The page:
Sales of low and non-alcoholic beer increased by 60% In Ireland between 2017 and 2018.
Since 2001, the average per adult alcohol consumption has fallen by 23.2% in Ireland according to a recently published report by the Central Statistics Office (CSO).
Quality Over Quantity
When people do drink, there is an increasing trend towards choosing quality over quantity, said the Irish Brewers Association (IBA) in a statement.
“The key thing for brewers is maintaining the excellent taste that consumers are used to with quality beer products on the market," said Jonathan McDade from the Irish Brewers Association (IBA).
"We have seen this in the Irish market, with Diageo introducing Pure Brew and Heineken introducing Heineken 0.0 and Heineken Light, all of which consumers have responded positively to.”
McDaid added that low and non-alcoholic beer alternatives have proven useful to consumers 'who may be up early the next day for work, who may be training in the gym or watching their weight or indeed now, in the hot and humid conditions, just trying to cut down on alcohol consumption.'
The drinks industry, as a result is going through a 'premiumisation phase', evidenced by continued growth in premium, super-premium and craft categories.
This has also resulted in significant innovation among brewers, who are creating low and non-alcoholic beer alternatives, the group outlined.
So, what next?
57% of people say they’d like to see more availability of non-alcoholic beer, research shows.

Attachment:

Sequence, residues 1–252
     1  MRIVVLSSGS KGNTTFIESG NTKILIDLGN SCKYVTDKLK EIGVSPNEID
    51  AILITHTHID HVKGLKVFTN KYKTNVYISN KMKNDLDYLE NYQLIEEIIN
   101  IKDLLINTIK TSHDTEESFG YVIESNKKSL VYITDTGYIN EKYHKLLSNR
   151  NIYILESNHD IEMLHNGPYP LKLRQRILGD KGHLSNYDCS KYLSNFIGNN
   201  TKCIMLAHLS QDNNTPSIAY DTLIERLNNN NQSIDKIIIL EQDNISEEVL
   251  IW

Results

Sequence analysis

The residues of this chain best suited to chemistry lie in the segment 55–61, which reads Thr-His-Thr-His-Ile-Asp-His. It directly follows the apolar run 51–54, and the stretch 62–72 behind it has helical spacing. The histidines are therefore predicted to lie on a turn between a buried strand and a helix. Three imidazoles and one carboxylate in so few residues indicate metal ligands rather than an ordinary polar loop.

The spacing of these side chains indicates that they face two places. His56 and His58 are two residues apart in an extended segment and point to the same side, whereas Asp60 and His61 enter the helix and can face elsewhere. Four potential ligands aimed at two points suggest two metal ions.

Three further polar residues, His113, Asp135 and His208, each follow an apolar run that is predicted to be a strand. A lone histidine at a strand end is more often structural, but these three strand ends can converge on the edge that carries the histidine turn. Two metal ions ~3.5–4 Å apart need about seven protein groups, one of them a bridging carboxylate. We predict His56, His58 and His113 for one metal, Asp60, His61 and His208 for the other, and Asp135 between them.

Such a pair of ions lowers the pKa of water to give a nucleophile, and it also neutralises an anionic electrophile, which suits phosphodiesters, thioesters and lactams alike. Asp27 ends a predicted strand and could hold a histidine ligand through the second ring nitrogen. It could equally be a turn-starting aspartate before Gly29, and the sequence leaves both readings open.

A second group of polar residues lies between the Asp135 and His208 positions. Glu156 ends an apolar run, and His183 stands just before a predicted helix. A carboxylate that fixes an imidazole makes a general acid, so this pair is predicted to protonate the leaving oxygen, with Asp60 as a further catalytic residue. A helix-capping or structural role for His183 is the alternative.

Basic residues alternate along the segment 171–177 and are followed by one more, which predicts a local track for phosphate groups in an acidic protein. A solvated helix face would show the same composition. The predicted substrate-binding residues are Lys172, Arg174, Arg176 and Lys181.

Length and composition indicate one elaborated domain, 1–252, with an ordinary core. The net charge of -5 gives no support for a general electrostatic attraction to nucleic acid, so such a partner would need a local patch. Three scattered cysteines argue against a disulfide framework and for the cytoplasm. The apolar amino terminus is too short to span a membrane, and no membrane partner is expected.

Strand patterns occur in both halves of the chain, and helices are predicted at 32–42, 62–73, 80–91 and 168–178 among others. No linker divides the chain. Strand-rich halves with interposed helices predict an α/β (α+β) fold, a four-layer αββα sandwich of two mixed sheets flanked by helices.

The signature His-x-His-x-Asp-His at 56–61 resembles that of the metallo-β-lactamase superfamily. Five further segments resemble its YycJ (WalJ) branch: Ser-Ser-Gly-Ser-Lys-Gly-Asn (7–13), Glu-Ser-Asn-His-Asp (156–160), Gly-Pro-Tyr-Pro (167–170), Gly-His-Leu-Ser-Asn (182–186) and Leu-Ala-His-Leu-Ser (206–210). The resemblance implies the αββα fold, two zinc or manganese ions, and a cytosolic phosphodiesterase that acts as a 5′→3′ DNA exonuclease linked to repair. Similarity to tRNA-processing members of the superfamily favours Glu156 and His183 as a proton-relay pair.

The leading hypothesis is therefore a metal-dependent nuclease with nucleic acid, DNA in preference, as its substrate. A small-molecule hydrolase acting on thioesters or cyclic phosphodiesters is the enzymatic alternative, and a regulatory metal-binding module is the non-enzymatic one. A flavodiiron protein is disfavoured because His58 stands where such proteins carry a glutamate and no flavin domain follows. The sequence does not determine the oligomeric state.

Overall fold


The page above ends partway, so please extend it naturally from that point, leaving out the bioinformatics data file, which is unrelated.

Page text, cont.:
This is according to a survey carried out by TheTaste and the Irish Brewers Association, with over 1,300 respondents.
ABFI believes it is useful to look internationally, to see what to expect from low and non-alcoholic beer market in the coming years.
“In the UK, sales of low and alcohol-free beers jumped 28% in the year to February 2019, compared with the previous 12 months. Many independent brewers are focusing on only producing low and non-alcoholic beers," McDade continued.
“We may see more independent and craft producers introducing these low and non-alcoholic beers here, or indeed focusing their business solely on this offering, as we have seen in the UK.”
Popular in Mediterranean
Beer is Ireland’s most popular drink and McDade points to Spain, where beer drinking is popular and an integral part of the Mediterranean culture.
“In Spain, non-alcoholic beer has become popular, accounting for around 12 per cent of the overall beer market, which is very significant, driven by the country’s after work beer and tapas culture.” he added.
“Elsewhere, we also see this trend materialising throughout other countries across Europe, leading to a significant increase in the sale of non-alcoholic beers, including a 33% sales increase in the Netherlands and an 80% sales increase in Poland in 2018 .”
McDade concluded: “This year it is anticipated that low and non-alcoholic beers will become increasingly popular again as this trend continues through 2019.”
© 2019 Checkout – your source for the latest Irish retail news. Article by Donna Ahern. Click sign-up to subscribe to Checkout.